Lesions affecting Lips- Oral Medicine Lecture


Disorders that exclusively affect the lips, systemic diseases that produce characteristic lip lesions, and some other entities are included in this group. In some of them, the diagnosis should be made on the basis of clinical criteria, but histopathological confirmation of the diagnosis is always necessary.
O Cheilitis glandularis
O Cheilitis granulomatosa
O Melkersson–Rosenthal syndrome
O Exfoliative cheilitis
O Contact cheilitis
O Actinic cheilitis
O Angular cheilitis
O Lip-licking dermatitis
O Median lip fissure
O Angioneurotic edema
O Lymphedema due to radiation
O Systemic diseases (Crohn disease, sarcoidosis, tuberculosis, cystic fibrosis)


Cheilitis Glandularis
Definition  
Cheilitis glandularis is an uncommon chronic inflammatory condition of the minor salivary glands, characteristically affecting the lower lip.

Etiology
Unknown.         

Clinical features
It presents as a swelling of the lower lip due to hyperplasia and inflammation of the glands. Characteristically, the orifices of the salivary glands are dilated, and pressure on the lip may produce mucous or mucopustular fluid from the ductal openings. Crusting and erosions may also occur.

Laboratory tests
Histopathological examination.

Differential diagnosis
Cheilitis granulomatosa, MelkerssonRosenthal syndrome, Crohn disease, sarcoidosis, cystic fibrosis.

Treatment
Supportive. Vermilionectomy only in severe cases.

Chelitis Glandularis

 
Cheilitis Granulomatosa
Definition
Cheilitis granulomatosa is a rare chronic disorder of the lips.

Etiology
Unknown.

Clinical features
It presents as a painless, persistent, and diffuse swelling of one or both lips. Small vesicles, erosions, and scaling may occur. It is thought that cheilitis granulomatosa is a monosymptomatic form of MelkerssonRosenthal syndrome.

Laboratory tests
Histopathological examination.

Differential diagnosis
Cheilitis glandularis, Crohn disease, sarcoidosis, cystic fibrosis, lymphangioma, angioneurotic edema.

Treatment
Topical or systemic steroids, tetracyclines. Plastic surgery in severe cases.

Cheilitis Granulomatosa

 
Melkersson–Rosenthal Syndrome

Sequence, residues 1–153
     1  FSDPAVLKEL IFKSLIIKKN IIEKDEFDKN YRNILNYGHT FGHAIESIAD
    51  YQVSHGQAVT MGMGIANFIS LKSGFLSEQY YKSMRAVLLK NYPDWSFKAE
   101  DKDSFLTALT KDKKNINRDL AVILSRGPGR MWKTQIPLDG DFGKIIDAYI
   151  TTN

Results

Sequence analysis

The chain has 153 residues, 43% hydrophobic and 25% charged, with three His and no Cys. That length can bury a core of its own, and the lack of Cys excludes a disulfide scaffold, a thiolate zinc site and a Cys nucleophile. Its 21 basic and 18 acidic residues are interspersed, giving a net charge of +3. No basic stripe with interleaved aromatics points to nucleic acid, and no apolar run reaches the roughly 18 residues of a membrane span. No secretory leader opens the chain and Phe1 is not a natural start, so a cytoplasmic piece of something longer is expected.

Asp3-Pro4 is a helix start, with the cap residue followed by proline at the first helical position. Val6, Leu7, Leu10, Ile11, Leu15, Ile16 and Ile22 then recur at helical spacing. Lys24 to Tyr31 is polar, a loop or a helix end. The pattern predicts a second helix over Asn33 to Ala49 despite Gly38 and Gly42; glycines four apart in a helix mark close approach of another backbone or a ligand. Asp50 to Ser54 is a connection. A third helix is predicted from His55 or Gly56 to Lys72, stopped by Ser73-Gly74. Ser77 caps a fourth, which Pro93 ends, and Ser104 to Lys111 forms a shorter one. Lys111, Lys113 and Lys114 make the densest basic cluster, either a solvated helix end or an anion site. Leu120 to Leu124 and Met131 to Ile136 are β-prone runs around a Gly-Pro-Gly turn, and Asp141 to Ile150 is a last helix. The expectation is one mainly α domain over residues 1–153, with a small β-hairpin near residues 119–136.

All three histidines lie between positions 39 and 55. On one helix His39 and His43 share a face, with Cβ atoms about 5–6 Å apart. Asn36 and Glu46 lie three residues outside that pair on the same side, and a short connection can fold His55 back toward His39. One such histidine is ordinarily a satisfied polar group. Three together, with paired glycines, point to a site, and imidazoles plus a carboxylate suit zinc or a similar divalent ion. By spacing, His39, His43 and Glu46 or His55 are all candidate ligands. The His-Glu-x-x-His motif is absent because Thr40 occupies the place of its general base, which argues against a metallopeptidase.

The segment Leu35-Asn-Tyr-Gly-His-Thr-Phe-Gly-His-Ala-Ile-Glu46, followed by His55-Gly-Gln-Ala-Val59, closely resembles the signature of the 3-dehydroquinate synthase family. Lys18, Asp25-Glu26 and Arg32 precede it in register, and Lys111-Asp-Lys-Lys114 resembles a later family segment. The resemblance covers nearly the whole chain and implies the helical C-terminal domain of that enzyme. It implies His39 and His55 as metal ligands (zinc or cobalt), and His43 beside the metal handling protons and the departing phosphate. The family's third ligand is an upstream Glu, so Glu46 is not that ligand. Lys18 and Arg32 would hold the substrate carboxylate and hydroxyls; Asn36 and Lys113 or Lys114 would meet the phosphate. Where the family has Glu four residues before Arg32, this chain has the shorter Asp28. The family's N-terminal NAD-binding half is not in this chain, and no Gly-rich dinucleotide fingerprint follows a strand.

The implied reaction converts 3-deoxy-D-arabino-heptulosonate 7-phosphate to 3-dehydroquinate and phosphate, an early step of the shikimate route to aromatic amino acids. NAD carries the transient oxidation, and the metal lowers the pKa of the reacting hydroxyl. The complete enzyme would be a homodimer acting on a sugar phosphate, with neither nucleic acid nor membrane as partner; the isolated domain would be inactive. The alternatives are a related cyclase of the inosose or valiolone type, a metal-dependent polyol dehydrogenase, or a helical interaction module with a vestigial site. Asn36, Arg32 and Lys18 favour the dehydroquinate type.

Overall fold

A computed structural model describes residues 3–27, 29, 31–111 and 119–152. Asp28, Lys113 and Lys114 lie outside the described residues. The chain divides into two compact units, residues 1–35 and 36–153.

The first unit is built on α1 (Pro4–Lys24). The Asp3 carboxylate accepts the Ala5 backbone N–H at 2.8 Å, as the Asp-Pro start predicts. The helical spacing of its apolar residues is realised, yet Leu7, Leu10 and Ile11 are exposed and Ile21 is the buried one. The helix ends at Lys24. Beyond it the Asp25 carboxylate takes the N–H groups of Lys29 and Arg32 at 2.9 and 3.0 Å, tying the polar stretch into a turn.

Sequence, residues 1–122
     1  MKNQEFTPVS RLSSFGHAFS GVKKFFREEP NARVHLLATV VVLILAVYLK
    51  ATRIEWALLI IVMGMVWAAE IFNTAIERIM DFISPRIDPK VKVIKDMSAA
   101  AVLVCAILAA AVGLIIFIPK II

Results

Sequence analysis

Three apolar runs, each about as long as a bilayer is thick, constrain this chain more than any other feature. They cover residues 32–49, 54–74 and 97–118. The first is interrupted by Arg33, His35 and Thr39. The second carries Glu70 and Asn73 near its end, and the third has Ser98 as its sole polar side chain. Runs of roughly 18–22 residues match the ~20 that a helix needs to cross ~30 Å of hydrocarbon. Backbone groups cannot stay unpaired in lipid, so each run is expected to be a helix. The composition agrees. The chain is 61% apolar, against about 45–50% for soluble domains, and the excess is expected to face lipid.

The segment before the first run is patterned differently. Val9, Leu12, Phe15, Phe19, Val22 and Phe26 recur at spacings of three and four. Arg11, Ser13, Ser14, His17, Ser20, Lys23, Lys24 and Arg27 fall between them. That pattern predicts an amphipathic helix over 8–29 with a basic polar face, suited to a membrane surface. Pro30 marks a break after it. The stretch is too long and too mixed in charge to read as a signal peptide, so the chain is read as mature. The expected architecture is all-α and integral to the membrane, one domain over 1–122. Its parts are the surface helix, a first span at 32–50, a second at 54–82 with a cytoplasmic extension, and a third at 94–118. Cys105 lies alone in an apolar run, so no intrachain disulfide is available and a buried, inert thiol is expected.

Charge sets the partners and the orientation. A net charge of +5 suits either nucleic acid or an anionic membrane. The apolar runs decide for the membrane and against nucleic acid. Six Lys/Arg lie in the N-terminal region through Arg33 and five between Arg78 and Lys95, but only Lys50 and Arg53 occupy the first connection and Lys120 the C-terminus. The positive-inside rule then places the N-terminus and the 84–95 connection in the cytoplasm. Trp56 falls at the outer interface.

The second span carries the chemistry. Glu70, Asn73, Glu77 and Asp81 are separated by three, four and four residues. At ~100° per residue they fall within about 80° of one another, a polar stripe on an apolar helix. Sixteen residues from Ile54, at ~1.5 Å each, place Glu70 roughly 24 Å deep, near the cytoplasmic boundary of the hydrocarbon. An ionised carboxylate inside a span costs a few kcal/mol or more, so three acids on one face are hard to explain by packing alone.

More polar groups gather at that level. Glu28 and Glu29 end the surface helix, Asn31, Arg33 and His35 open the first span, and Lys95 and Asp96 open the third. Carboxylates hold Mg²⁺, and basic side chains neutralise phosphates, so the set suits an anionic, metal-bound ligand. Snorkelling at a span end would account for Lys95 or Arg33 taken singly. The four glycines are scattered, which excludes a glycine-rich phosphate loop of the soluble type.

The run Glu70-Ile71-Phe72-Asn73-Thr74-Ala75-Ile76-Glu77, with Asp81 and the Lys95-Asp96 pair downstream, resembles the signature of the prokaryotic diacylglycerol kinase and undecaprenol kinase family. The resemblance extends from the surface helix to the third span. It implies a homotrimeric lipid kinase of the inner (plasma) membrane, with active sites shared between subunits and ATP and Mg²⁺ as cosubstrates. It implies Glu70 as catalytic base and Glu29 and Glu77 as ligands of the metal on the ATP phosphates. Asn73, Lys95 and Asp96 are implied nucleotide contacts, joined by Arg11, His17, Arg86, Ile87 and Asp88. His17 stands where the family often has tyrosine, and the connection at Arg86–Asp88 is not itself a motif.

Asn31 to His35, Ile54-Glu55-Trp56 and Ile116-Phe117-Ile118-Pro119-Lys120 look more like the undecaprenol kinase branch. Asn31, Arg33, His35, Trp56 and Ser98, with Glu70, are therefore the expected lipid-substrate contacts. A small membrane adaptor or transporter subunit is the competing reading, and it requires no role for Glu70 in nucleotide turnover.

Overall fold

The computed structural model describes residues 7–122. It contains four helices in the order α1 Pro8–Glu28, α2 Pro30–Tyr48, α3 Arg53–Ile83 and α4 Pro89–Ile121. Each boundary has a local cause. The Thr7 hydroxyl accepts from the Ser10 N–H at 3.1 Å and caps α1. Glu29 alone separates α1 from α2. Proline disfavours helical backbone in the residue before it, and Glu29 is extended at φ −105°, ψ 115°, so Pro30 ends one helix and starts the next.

MelkerssonRosenthal syndrome is a rare disorder characterized by cheilitis granulomatosa, facial paralysis, fissured tongue, and less often intraoral and facial edema. The term orofacial granulomatosis has recently been proposed to include conditions and diseases characterized by granulomatous inflammation in the oral and facial area (cheilitis granulomatosa, MelkerssonRosenthal syndrome, Crohn disease, sarcoidosis). The differential diagnosis and treatment are identical to those of cheilitis granulomatosa.
Melkersson-Rosenthal Syndrome

 
Exfoliative Cheilitis
Definition
Exfoliative cheilitis is a chronic inflammatory disorder of the lips.

Etiology  
Unknown.

Clinical features  
It is characterized by scaling, crusting, and erythema of the vermilion border of the lips. This pattern is repetitive, resulting in yellowish, hyperkeratotic thickening, crusting, and fissuring (Fig. 342). The lesions are more common in young women, usually persist with variable severity for months or years, and may cause cosmetic problems. The diagnosis is based on the clinical findings.

Differential diagnosis
Contact cheilitis, actinic cheilitis.

Treatment
Symptomatic. Topical moistening agents and steroids may be helpful. Topical ointment of tacrolimus 0.1% may be helpful.
Exfoliative chelitis
 
Contact Cheilitis
Definition
Contact cheilitis is an acute inflammatory disorder of the lips.

Etiology
Topical contact with various chemical agents.

Clinical features
It is characterized by mild edema and erythema, followed by irritation and thick scaling . It is usually confined to the vermilion border of both lips. The diagnosis is based on clinical criteria and a skin patch test.

Differential diagnosis
Exfoliative cheilitis, plasma-cell cheilitis.

Treatment
Discontinuation of contact with chemicals; topical steroids.
Contact chelitis


Actinic Cheilitis
Definition
Actinic cheilitis is a chronic degenerative disorder of the lower lip.

Etiology
Long-terme xposure to sunlight.

Clinical features
In the early stage, mild erythema and edema followed by dryness and fine scaling of the lower lip vermilion border are the presenting signs. As the lesion progresses, the epithelium becomes thin and smooth, with small whitish-gray areas intermingled with red regions and scaly formations . Erosions and tiny nodules may develop. The lesion is premalignant, and usually occurs in men over 50 years of age.

Laboratory tests
Histopathological examination.

Differential diagnosis
Leukoplakia, lichen planus, lupus erythematosus, early squamous-cell carcinoma, cheilitis due to radiation.

Treatment
Protection of lips fromsunlight. Vermilionectomy in severe cases.
Actinic Chelitis


Angular Cheilitis
Definition
Angular cheilitis, or perl├Ęche, is a common disorder of the angles of the mouth.